Pregnancy and Post Pregnancy Care

Pregnancy and post pregnancy care are critical for both mother’s health, as well as that of her unborn child. These stages require the expertise of multiple specialists who specialize in different fields.

Dr. Bhumika is one of the top gynecologists in Delhi NCR and runs her own clinic in Noida’s sec 104. A gold medalist in MD from King George Medical College, Lucknow, she also holds fellowship training in Advanced Gynae Laparoscopy techniques.

Pregnancy Complications

Pregnancy complications are an unfortunately common occurrence during pregnancy and can have detrimental effects on both mother and unborn child. Fortunately, many of these issues can be managed if detected early enough.

Pregnant complications can range in severity from mild to severe; however, all should be reported to your doctor so they can be promptly treated. Common issues include eclampsia, gestational diabetes and hypertension.

If you experience symptoms such as these, your healthcare provider may suggest making changes to your diet and exercise regime or taking medication to lower blood pressure. They may also suggest getting an ultrasound and additional tests such as blood work.

Your doctor can test your blood for signs of preeclampsia and eclampsia. They may also check your urine for protein or swelling.

They can also check for pulmonary edema, which occurs when too much fluid accumulates in the abdomen. This may lead to obstructed airways and difficulty breathing.

About 15-20% of pregnant women require a Caesarean delivery (C-section). Furthermore, about one in 20 have blood pressure problems during their pregnancy or experience excessive blood loss at delivery.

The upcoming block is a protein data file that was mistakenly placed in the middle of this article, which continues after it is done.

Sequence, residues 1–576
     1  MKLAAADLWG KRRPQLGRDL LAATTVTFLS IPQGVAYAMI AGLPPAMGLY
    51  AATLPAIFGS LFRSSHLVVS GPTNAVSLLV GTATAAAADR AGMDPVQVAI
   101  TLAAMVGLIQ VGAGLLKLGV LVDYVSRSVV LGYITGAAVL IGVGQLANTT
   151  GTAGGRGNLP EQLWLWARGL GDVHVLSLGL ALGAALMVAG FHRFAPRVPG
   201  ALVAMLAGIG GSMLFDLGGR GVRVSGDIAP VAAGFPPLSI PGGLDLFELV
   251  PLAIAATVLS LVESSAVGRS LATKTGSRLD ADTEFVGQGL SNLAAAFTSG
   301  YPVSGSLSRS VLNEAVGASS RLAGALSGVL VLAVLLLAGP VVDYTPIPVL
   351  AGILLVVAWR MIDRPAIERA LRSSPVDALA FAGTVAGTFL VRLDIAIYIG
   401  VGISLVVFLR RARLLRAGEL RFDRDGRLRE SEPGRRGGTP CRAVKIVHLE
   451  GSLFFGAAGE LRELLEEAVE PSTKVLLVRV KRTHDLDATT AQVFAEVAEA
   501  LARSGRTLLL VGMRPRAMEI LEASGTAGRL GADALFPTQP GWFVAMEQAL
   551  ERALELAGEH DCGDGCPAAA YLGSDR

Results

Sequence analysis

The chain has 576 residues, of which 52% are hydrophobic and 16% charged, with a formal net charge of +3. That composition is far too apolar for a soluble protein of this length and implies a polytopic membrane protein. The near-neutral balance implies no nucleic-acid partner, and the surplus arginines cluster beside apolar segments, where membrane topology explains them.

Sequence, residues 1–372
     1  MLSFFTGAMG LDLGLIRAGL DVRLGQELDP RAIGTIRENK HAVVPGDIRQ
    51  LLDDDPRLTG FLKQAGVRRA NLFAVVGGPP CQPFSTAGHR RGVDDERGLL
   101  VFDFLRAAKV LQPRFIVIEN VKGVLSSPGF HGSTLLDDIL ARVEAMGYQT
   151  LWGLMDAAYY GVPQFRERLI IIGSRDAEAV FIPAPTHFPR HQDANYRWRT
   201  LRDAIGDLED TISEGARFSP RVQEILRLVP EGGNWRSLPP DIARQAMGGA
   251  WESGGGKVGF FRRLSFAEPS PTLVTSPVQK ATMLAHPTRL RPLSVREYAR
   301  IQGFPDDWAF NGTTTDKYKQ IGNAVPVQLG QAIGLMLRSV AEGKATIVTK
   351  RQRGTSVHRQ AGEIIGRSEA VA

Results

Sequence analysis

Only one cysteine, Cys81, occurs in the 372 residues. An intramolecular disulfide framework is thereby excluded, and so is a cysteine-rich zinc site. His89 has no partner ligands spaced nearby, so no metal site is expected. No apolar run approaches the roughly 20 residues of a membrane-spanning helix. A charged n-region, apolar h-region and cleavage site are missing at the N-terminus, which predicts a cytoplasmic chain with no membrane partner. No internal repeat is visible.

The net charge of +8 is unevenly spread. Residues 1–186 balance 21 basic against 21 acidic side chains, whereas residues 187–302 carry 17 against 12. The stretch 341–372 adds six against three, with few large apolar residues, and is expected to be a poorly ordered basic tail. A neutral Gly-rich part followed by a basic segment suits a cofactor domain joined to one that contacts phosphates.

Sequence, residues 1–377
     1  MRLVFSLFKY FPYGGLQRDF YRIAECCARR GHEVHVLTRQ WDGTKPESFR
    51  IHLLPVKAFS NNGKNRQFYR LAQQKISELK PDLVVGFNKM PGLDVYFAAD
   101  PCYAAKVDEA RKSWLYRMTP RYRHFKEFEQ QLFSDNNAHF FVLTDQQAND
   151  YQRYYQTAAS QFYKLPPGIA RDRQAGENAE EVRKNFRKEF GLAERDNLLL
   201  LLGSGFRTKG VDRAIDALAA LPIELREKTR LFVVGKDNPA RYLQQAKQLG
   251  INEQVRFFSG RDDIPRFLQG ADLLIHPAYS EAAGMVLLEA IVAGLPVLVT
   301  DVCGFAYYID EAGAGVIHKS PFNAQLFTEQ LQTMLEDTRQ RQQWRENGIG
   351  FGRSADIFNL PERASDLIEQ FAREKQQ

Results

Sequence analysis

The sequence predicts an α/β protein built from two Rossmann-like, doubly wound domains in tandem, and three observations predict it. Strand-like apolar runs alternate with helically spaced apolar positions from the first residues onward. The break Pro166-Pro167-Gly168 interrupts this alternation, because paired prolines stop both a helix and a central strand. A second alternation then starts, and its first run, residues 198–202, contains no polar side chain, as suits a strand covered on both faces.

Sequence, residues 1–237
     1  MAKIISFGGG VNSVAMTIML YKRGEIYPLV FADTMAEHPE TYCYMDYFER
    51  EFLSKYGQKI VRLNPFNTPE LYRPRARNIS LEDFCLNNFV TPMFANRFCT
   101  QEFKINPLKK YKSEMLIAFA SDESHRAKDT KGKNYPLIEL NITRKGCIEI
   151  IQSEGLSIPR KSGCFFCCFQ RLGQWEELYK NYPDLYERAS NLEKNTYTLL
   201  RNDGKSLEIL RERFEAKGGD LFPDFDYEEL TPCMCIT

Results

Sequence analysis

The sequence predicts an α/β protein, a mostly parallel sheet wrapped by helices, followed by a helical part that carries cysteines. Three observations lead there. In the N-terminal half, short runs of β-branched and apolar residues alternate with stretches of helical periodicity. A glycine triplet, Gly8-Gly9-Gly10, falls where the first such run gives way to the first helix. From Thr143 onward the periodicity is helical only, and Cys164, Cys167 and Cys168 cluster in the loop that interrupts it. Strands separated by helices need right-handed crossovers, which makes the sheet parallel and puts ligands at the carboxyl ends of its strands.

Pregnancy Symptoms

During the initial weeks of pregnancy, many women report feeling fatigued, nauseated, or developing an intense aversion to certain foods.

Morning sickness, also known as nausea and vomiting, is the most common symptom of early pregnancy. It can strike at any time of day or night and last up to several weeks.

Bloating and gas are common during this stage, as the uterus puts pressure on your stomach and intestines. You may experience cramping and pain in the lower abdomen which could be mistaken for menstrual cramps.

Spotting is another common symptom that may appear early in pregnancy. This spotting, known as implantation bleeding, occurs when the fertilized egg implants in your uterus after ovulation.

It usually appears as a light pink or brown stain and may last anywhere from hours to days. It’s more noticeable after missing your period, though it can also occur during a regular menstrual cycle.

Frequent urination is an indication of early pregnancy, as your kidneys must work hard to process all the extra blood created by an expanding uterus. You may find yourself needing to go to the toilet more often than usual even when only passing a small amount of urine.

In addition to these obvious warning signs of pregnancy, other less obvious symptoms can also indicate it: a metallic taste in your mouth, headaches, cramping, mood swings and bloating.

Pregnancy Care

Pregnancy care refers to medical services and trainings designed to ensure a healthy pregnancy, pregnancy, labor and delivery for expectant mothers. It’s the best way to reduce risks during pregnancy and increase the chances of an uneventful delivery for both mom and baby.

Women should schedule regular healthcare appointments with a healthcare provider throughout their pregnancy (antenatal visits). At these visits, your doctor will check both your health and that of your unborn child. They may also ask about food preferences, exercise regiments and home life.

Antenatal visits are essential components of pregnancy care, helping to avoid illnesses and complications related to the process. They involve checking your weight, height, blood pressure and heart rate as well as performing a physical exam.

Furthermore, your provider will ask you questions about your family and partner in order to provide the best care for both of you and your baby.

You may need to consult a specialist who specializes in caring for pregnant women with special needs, such as mental health problems or substance abuse problems. These specialized services may be located either within the hospital or the community.

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